I'm having trouble articulating my reaction to Christopher Nolan's "Interstellar." On the one hand, it's this big, grand, lavish piece of epic, high concept science-fiction filmmaking that makes no apologies for its nerdy technical jargon or its overt sentimentality. And I love films like that, even when they're terrible. I'm one of the few people who really enjoyed Wally Pfister's "Transcendence," for example. "Interstellar" is certainly better than "Transcendence" on just about every level, but at the same time it's a very flawed film, and those flaws are more frustrating and the film overall more disappointing because they could have been fixed more easily.
"Interstellar" opens in a declining world suffering grim food shortages, where former NASA pilot Cooper (Matthew McConaughey) has become a farmer like most of the population. A series of strange phenomena discovered by Cooper's young daughter Murph (Mackenzie Foy) lead Cooper to the remains of NASA, who are mounting a last-ditch effort to find a life-sustaining planet that humanity can be relocated to. Professor Brand (Michael Caine) asks Cooper to join his daughter Amelia (Anne Hathaway) on a journey through a wormhole to explore a planetary system with three of their best candidates. However, the realities of space travel mean that Cooper would be separated from Murph and the rest of his family, possibly for good.
Christopher Nolan has been accused of neglecting the humanity of his characters. That's certainly not the case here, where everything hinges on the relationship between Cooper and Murph. All the sequences of space travel and exploring alien world makes for great spectacle, but the story only has the impact that it does because the stakes are established early and established well. The characters' various attachments to each other, or the lack thereof, are ultimately what drive them and inform their decisions. It's a lovely sentiment, expressed very well. The characters are fairly flat, but the performances by McConaughey, Hathaway, and spoilers, were enough to get me properly invested in their fates.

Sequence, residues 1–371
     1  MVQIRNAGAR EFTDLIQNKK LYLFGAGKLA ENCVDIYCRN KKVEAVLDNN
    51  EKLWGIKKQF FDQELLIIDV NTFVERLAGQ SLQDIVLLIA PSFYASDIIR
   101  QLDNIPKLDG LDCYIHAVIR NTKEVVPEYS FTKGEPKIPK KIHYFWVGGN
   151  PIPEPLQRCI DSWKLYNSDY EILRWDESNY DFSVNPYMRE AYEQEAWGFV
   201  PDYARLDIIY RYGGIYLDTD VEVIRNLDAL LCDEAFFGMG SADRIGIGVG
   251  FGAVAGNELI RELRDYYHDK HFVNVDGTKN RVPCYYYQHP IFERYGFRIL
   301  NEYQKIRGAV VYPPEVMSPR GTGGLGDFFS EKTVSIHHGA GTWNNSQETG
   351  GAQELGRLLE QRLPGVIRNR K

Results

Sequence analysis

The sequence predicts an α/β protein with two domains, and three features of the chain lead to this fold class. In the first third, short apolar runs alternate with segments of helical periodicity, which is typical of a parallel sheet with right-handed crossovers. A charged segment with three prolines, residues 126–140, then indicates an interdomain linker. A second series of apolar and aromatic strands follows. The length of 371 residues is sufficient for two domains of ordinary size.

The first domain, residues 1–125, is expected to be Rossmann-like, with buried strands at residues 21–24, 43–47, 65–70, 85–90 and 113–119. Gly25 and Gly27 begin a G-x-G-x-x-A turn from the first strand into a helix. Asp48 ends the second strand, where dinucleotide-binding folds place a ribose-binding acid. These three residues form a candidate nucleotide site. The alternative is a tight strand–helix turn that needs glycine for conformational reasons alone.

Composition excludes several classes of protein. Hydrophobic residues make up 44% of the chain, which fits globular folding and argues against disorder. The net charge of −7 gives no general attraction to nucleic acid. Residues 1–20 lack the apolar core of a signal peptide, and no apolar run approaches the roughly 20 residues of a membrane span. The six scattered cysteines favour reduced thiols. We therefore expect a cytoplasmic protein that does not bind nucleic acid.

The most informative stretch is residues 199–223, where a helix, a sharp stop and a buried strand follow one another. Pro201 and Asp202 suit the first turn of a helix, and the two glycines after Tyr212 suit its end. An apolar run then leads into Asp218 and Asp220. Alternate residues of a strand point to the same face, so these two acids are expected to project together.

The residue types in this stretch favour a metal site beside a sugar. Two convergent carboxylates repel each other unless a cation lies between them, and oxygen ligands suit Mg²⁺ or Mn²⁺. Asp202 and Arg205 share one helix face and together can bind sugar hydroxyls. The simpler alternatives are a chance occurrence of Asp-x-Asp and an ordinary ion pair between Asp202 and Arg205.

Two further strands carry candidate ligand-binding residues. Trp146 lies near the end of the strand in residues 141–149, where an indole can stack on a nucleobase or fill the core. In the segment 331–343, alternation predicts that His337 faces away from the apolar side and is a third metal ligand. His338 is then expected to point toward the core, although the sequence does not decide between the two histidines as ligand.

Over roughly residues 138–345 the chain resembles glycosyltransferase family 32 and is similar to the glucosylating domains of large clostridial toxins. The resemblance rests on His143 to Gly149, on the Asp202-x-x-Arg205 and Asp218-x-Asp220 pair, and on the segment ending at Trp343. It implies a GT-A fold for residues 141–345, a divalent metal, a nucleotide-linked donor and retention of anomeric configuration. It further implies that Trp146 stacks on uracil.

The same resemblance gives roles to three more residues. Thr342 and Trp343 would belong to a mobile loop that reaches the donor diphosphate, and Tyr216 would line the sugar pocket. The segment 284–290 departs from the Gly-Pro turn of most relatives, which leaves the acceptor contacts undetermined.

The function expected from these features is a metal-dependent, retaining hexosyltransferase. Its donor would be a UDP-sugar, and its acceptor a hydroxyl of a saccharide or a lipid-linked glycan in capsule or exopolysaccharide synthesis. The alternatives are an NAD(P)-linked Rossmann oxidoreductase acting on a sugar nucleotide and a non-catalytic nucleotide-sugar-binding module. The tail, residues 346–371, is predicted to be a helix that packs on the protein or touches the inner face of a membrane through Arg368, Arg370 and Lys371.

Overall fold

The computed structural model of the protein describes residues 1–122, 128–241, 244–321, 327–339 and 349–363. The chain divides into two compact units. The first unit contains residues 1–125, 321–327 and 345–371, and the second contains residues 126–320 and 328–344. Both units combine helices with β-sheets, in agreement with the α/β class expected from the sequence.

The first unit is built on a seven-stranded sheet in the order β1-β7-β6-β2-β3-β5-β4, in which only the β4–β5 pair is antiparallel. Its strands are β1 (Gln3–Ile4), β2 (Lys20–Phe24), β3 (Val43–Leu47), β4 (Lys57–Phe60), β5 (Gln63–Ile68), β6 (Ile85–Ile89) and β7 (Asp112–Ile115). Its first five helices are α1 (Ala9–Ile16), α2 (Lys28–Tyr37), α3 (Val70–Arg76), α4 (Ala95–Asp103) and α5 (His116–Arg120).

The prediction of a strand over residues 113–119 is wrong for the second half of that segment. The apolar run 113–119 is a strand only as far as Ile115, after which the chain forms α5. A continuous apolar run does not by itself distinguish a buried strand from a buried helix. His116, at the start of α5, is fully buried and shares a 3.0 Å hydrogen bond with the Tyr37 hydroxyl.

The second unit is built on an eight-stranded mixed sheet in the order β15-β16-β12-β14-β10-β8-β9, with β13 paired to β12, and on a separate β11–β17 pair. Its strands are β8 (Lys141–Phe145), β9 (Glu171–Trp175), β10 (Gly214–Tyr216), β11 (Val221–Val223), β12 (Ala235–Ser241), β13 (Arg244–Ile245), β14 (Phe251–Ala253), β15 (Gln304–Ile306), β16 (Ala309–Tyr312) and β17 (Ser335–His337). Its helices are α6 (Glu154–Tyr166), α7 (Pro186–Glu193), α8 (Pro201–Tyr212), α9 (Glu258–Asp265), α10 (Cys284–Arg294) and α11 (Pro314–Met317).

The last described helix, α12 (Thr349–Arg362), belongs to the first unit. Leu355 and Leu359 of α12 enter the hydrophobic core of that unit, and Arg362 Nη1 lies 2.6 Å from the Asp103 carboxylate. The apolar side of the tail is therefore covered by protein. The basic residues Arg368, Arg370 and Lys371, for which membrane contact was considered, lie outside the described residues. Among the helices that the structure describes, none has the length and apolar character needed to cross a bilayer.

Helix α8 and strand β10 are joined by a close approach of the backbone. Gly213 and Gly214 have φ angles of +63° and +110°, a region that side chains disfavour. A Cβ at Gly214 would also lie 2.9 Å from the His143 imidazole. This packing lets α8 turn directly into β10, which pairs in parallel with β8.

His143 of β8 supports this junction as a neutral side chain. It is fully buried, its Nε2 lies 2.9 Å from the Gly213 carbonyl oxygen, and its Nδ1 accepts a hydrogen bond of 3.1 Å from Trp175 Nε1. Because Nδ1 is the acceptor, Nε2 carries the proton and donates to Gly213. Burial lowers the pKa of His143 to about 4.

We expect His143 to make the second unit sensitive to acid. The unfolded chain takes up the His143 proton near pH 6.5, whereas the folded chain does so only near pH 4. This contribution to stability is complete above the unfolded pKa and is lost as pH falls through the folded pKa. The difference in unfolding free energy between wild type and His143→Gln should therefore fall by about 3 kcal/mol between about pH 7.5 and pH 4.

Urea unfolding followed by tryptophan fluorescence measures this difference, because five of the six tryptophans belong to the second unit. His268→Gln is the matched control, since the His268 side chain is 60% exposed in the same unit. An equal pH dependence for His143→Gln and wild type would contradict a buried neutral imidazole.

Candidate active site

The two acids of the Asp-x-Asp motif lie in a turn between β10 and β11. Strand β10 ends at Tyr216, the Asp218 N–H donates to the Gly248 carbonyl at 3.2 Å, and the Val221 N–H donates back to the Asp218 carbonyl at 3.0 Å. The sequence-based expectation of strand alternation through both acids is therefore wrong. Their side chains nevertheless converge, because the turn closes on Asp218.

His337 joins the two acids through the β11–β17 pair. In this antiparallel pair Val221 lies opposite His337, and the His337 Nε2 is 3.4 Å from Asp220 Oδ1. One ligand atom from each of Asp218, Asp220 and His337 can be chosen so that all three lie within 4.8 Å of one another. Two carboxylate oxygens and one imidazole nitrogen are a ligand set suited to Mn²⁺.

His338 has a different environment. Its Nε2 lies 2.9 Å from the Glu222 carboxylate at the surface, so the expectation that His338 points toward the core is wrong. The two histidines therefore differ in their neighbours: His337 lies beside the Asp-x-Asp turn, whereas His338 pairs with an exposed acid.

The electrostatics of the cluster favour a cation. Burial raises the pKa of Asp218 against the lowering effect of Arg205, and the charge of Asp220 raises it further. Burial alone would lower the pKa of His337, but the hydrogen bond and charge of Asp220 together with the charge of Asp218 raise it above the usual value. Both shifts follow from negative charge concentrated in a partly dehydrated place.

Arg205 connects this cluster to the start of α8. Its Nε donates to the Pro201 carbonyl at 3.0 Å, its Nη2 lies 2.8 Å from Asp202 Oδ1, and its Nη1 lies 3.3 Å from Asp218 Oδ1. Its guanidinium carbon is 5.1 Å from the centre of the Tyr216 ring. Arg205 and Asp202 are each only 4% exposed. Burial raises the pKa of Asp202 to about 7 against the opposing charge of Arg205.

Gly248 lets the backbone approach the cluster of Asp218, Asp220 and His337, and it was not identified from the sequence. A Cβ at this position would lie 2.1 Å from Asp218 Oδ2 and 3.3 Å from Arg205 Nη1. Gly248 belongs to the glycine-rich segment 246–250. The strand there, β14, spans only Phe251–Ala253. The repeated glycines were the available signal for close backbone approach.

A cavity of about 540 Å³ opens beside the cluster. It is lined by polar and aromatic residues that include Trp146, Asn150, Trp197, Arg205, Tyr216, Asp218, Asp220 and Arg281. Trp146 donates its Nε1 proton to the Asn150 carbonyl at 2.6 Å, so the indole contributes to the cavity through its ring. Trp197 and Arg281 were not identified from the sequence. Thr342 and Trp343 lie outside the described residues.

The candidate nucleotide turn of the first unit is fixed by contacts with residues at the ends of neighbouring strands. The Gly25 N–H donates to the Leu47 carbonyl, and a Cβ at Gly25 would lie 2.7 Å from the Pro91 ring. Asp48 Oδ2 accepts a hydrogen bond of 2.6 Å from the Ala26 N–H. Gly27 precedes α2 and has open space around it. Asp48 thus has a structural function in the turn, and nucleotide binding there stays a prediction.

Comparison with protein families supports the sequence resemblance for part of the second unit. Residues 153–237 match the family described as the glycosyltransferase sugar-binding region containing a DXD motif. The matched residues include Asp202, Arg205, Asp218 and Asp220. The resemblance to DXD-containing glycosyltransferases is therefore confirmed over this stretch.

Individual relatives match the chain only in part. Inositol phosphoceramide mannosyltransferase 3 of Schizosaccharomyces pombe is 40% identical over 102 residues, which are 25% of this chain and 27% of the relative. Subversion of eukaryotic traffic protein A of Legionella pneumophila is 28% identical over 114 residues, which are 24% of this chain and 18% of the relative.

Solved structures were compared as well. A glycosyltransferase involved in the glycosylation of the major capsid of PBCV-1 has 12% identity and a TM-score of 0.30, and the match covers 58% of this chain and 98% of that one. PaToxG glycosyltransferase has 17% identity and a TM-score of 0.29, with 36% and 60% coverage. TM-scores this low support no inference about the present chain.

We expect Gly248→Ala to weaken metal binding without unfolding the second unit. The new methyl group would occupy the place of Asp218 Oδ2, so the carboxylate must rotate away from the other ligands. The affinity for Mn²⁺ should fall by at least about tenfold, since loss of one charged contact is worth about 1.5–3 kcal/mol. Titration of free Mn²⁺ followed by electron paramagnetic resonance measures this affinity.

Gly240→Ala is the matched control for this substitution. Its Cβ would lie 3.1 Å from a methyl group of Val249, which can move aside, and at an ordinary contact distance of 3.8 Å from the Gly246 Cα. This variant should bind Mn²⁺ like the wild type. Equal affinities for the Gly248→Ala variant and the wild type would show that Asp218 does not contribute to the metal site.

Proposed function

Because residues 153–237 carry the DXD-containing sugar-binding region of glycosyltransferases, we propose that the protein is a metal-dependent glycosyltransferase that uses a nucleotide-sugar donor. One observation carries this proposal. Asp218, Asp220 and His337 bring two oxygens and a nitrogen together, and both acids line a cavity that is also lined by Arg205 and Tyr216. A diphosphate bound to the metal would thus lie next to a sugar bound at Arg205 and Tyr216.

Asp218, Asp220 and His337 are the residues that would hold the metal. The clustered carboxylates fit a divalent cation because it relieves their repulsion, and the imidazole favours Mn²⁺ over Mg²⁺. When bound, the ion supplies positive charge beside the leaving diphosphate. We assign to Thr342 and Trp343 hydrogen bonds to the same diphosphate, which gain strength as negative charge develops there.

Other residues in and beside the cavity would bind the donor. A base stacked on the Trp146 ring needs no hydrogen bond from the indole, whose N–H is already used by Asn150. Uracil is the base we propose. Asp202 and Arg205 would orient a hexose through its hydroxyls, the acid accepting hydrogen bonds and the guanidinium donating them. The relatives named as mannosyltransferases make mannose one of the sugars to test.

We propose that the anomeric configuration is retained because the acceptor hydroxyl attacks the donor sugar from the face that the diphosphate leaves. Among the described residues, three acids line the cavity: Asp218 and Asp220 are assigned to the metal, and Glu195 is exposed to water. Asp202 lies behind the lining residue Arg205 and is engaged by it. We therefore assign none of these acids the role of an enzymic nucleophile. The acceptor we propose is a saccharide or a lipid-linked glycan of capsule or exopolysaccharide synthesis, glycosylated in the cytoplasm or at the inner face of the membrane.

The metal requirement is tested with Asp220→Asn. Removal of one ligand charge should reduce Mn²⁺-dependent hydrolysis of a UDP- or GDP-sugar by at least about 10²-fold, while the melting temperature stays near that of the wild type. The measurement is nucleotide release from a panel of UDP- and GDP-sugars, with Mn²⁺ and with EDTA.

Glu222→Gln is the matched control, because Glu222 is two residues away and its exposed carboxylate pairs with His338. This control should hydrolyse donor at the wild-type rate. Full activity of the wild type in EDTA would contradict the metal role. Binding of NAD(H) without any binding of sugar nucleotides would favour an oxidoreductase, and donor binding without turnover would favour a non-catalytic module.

My biggest issues with the movie have to do with the plotting, which is ironic for a Nolan film. Despite employing many complicated concepts, his scripts usually run like clockwork. "The Prestige" and "Inception" both had to juggle far more plot with minimal lag. "Interstellar," on the other hand, feels a little shoddy in construction at times. There several developments that require massive logic leaps, buying into a "love conquers all" rationale, and accepting a huge deus ex machina - or rather a deus ex tesseract. There are individual sequences that are set up and executed beautifully, such a docking sequence that owes a lot to "Gravity," but also several places that could have used some trimming or rewrites. I suspect that the Nolan brothers ran out of time and couldn't quite get all their pieces to fit, so they ended up fudging a lot things that they shouldn't have.
There are some very minor fixes would have made a huge difference in clearing up confusion - an extra line or two of exposition here, turning up the volume on the dialogue there, or just abandoning all pretense of realism and going full "2001: A Space Odyssey" when necessary. There's no doubt that there was a ton money and effort lavished on this movie. The visuals are gorgeous. The story is massively ambitious and full of details that could only have been the result of extensive, earnest research. I especially liked the mission's robot teammember TARS, which has a unique design and personality. And Hans Zimmer is doing his best Phillip Glass impression to great effect. There are a lot of little bits and pieces that contain fascinating stuff, but the whole is less that the parts.
In the end, sadly, "Interstellar" feels like a compromised version of something originally bigger and stranger, and I can't help deducting points for that. Darren Aronofsky's "The Fountain" is a similar film I didn't particularly enjoy, but it felt entirely true to the director's vision. "Interstellar," on the other hand, often feels lost. It evokes so many great science-fiction films and stories I love, but it can't quite figure out how to get where it needs to go.